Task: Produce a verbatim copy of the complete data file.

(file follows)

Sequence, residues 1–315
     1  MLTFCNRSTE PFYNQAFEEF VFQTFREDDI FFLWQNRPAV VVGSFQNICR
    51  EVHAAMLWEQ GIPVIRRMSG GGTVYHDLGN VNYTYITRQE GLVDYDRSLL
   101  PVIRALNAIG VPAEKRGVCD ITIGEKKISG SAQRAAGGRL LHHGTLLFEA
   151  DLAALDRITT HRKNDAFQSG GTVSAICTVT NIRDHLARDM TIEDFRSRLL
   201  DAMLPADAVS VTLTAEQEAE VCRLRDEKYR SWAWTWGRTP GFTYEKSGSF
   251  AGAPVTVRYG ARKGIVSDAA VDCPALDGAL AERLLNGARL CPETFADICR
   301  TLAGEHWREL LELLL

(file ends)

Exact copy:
Sequence, residues 1–315
     1  MLTFCNRSTE PFYNQAFEEF VFQTFREDDI FFLWQNRPAV VVGSFQNICR
    51  EVHAAMLWEQ GIPVIRRMSG GGTVYHDLGN VNYTYITRQE GLVDYDRSLL
   101  PVIRALNAIG VPAEKRGVCD ITIGEKKISG SAQRAAGGRL LHHGTLLFEA
   151  DLAALDRITT HRKNDAFQSG GTVSAICTVT NIRDHLARDM TIEDFRSRLL
   201  DAMLPADAVS VTLTAEQEAE VCRLRDEKYR SWAWTWGRTP GFTYEKSGSF
   251  AGAPVTVRYG ARKGIVSDAA VDCPALDGAL AERLLNGARL CPETFADICR
   301  TLAGEHWREL LELLL